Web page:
Interestingly, Gartner suggests the reason for last quarter's decline was "modest consumer demand" for the holiday season, but also that the main driver was "the collapse in demand for Chromebooks." That theme of Chromebook demand severely crashing has been circulating since Q3 2021, when a decline of 29.8% YoY was observed, a trend that is apparently continuing.

The rest of Gartner's analysis is quite interesting. While they note this new data "likely signifies the end of the massive and unexpected growth in PC demand triggered by the pandemic," the decline "only slightly tempered the PC market's growth in 2021," which was overall positive with a nearly 10% YoY increase over 2020.

Additionally, besides some slight weakening in demand from consumers and severe drops in Chromebooks, it was supply-chain constraints that again negatively affected the numbers and OEMs:

The U.S. PC market saw its second consecutive quarter of double-digit decline during the fourth quarter of 2021, with shipments declining 24.2% year-over-year. This decrease was largely driven by weak Chromebook shipments as demand from educational institutions continued to slow. While U.S. business PC sales were generally strong due to the recovering economy and the reopening of offices, supply chain delays impacted shipment volumes, especially in the large enterprise market. The holiday season also saw weaker PC sales than in 2020 due to modest consumer demand.

Those supply chain constraints are expected to abate it won't be alleviated entirely until later in the year.

Top three (again): Lenovo, HP, and Dell

Breaking down by PC OEMs, Gartner has a similar ranking to Canalys in global PC shippers, with Lenovo in the top spot, followed by HP, Dell, Apple, and Acer.

Combining Lenovo, HP, Dell, and Acer, all four companies account for 72.7% of global PC shipments. That's a slight increase from 71.8% in 2020 with the same four.

Apple's PC shipments (not including iPads) accounted for 7.7% in 2021 and slightly increased from 6.9% in 2020.

Lenovo saw the most significant decline with a 12% drop for the fourth quarter of 2021 due to "slowed U.S. market, weak Chromebook demand, and supply chain issues, which impeded Lenovo's ability to supply PCs to enterprise customers."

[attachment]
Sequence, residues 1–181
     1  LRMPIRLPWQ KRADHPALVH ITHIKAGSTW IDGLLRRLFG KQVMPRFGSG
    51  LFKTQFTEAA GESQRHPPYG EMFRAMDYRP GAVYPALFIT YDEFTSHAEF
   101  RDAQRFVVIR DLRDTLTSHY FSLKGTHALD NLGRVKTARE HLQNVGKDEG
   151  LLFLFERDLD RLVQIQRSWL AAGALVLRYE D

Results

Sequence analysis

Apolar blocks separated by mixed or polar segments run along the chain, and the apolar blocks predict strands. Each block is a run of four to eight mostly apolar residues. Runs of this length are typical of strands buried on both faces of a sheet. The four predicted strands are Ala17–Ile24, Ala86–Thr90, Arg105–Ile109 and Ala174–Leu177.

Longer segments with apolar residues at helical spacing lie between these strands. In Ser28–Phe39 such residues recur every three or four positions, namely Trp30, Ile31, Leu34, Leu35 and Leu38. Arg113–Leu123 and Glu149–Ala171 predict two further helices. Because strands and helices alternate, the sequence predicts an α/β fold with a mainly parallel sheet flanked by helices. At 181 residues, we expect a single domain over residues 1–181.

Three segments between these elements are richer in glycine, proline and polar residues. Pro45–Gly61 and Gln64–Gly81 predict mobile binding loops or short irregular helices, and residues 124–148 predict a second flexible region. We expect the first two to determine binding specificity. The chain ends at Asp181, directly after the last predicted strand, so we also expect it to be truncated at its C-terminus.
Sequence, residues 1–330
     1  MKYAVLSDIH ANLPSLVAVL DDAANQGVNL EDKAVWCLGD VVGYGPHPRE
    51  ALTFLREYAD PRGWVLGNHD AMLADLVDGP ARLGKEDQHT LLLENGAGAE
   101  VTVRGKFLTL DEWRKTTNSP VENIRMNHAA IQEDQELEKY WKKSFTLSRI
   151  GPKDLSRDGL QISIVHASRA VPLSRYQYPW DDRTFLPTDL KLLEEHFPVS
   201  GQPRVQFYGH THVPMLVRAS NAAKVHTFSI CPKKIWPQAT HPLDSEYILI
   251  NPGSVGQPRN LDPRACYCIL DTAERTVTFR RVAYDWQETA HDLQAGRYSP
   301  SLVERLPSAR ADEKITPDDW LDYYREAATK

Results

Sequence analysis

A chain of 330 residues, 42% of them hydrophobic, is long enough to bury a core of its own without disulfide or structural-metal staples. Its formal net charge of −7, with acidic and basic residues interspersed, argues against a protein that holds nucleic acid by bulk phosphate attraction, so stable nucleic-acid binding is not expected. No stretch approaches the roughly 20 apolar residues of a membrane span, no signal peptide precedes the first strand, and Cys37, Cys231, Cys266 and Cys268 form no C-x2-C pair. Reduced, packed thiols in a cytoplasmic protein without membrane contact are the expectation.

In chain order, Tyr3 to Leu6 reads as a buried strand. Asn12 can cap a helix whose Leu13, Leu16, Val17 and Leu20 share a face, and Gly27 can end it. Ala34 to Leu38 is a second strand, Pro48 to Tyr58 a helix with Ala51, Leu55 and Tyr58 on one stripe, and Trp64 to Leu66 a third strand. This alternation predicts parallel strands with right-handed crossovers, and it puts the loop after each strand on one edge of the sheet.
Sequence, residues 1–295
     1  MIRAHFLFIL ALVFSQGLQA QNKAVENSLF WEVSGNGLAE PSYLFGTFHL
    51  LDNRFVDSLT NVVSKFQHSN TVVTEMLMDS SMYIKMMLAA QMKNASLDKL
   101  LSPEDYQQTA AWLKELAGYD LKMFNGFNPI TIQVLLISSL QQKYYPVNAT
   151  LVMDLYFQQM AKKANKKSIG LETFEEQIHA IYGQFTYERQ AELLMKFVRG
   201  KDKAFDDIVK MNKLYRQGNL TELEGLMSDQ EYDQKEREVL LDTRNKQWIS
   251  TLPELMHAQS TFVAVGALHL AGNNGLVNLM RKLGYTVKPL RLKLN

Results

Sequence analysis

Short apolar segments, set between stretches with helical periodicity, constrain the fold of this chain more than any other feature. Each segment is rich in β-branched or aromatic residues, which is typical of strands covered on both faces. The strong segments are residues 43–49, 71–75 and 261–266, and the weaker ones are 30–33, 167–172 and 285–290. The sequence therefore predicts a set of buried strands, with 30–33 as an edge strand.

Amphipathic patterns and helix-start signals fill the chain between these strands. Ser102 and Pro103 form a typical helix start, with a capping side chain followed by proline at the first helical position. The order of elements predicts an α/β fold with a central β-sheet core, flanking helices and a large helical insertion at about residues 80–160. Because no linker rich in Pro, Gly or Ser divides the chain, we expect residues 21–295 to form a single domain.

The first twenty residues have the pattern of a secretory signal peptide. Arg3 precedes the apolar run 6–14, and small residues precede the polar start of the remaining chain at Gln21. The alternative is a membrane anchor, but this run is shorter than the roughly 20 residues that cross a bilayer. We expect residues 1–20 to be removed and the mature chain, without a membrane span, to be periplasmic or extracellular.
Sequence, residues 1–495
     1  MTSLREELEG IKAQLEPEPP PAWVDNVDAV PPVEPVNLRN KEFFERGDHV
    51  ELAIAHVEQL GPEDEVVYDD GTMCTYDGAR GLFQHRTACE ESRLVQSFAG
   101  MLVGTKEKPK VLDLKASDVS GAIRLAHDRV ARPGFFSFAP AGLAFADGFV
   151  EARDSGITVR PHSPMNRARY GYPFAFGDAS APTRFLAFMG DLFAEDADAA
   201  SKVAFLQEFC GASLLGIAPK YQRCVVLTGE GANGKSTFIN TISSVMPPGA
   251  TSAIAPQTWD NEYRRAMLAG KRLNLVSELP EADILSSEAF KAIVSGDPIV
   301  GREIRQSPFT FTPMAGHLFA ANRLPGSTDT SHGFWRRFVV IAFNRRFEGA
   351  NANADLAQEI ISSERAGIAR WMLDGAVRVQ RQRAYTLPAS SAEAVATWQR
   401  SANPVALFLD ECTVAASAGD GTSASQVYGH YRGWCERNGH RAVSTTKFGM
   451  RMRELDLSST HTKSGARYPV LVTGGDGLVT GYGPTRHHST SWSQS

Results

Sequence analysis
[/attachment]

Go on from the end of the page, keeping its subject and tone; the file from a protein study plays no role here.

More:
HP, by comparison, navigated the supply chain better with only a 4% YoY decline tempered by "robust growth in the Asia Pacific market."

Dell, again, is the objective winner reporting record revenue last quarter with $28.4 billion. It did the same for Q2 2022. Gartner's numbers reflect this, noting it gained market share "notching a fifth consecutive quarter of growth." Shipment volume exceeded 17 million units for the first time in the company's history.

Gartner also breaks down the numbers to the US market, which varies from the global picture. Dell is the top shipper in the US, accounting for 28.5% of all PCs shipped last quarter, and HP was number two, Lenovo in third, and Apple in fourth.

Putting Dell, HP, Lenovo, and Acer together accounted for nearly 75% of all PCs shipped in the US for Q4 2021, down almost 5% YoY. Apple came in at 13%, up from 9.2% YoY, reflecting the accurate perception that Macbook prevalence is higher in the States than the rest of the world.

'Fundamentally changed … PC behavior'

HP Omen 45L (2022).

Finally, for forecasting, things are still looking better than anticipated. While many saw the pandemic as a temporary blip, the consensus now seems that it profoundly altered the market, resulting in the PC being more critical than ever.

Mikako Kitagawa, research director at Gartner, notes: